Please do post details of concerts, courses and other events into the Calendar
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Does that poor organ ever get switched off?! I bet it's got to be pretty much the busiest organ in the country, if not the world...
A new generation has discovered the centuries-old tradition of pipe organ music, that intoning and imposing beautiful sound usually associated with chapels, cathedrals and classic movie palaces of the past showcasing the silent film era.College students are among the loyal audience following of the Twin Cities Organ Concert Series, a nonprofit organization that provides frequent organ performances in Saint Joseph, Benton Harbor and surrounding communities.The Twin Cities Organ Concert Series Committee is a group of organists and local community enthusiasts that endeavor to "increase the level of appreciation for the organ as an instrument and its repertoire."According to Jenifer Milnikel, a member of the Twin Cities Organ Concert Series Committee, through this teamwork, they are able to present guest organists, provide scholarships to young aspiring organists and promote collegiality among area musicians.
With concern, they notethat the European organ culture risks losing attention and appreciation,that the familiarity of the music-loving public with organ music has dwindled over the last decades due to decreasing church attendance,that in church services the organ is not sufficiently recognized as an instrument that can be innovative and open to various musical genres and is ever more being replaced by other instruments or even recorded music,that the organ has very little presence in non-ecclesiastical concert programming, nor in broadcasting or the print media,that the interest in organ teaching, especially at a professional in conservatories, is falling sharply,that in some European countries resources for the maintenance and the preservation of valuable historic or new organs are scarce,that due to the change of use of some facilities or lack of interest, church and concert hall organs are no longer used and thus neglected – or even being disposed of.[/l][/l]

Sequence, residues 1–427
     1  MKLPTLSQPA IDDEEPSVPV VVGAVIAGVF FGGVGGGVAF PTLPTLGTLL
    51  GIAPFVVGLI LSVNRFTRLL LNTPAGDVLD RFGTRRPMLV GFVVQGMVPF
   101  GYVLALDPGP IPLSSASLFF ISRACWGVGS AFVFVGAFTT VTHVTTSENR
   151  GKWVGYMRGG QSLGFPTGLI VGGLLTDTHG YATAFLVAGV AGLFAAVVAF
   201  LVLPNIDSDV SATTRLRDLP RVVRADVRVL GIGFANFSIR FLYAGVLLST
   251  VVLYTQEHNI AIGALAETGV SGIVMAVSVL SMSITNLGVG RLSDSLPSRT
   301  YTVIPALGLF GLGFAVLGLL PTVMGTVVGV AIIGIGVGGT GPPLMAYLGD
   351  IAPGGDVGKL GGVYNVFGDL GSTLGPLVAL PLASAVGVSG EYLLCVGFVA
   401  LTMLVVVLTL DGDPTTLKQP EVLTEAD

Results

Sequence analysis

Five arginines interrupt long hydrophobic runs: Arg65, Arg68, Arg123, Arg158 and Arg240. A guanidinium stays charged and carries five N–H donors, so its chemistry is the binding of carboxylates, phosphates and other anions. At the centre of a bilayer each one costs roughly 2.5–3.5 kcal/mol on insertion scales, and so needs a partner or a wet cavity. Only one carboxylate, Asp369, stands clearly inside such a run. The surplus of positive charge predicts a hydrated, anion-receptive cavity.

Auckland donates organ to ChristchurchSun, 18 Sep 2011 6:26p.m.By Jessica RoweOnly four of Christchurch’s 79 pipe organs survived the city's earthquakes.With the city's town hall out of action, its magnificent Reiger organ has been temporarily silenced.But Auckland has come up with the answer.It is the ceremonial sound of royalty, pomp and celebration.The Aotea Ali, as it is affectionately named, is one of the largest pipe-less organs in New Zealand and now it is in Christchurch.The organ was previously housed in Auckland’s Aotea Centre but now it is on loan to Christchurch and local organist Martin Setchell says the city has a musical heart again.“They have loaned this magnificent Allen electronic organ for as long as we need it, to use for our concerts, so it is a life saver for the city.”Many churches suffered significant damage in the earthquakes and Mr Setchell says only about four of the 79 large pipe organs in Christchurch survived, or are accessible after the earthquakes.In February, this Methodist church collapsed crushing its pipe organ and the three people who were trying to remove it.And with the city's town hall still out of action, its beautiful Reiger pipe organ is also unavailable for an unknown period of time.So its temporary replacement, the Aotea Ali has moved to he city's CBS arena, Christchurch’s only remaining venue for big public gatherings.The council says it will help bring the city together again.Christchurch deputy mayor Ngaire Button says it means they can have some of their iconic events that we look forward every year.The Aotea Ali is expected to be in Christchurch for several years while the town hall is being restored, playing at many of the city's large public gatherings, including graduations and concerts.3 NewsRead more: http://www.3news.co.nz/Auckland-donates-organ-to-Christchurch/tabid/423/articleID/226280/Default.aspx#ixzz1YSGyfIjk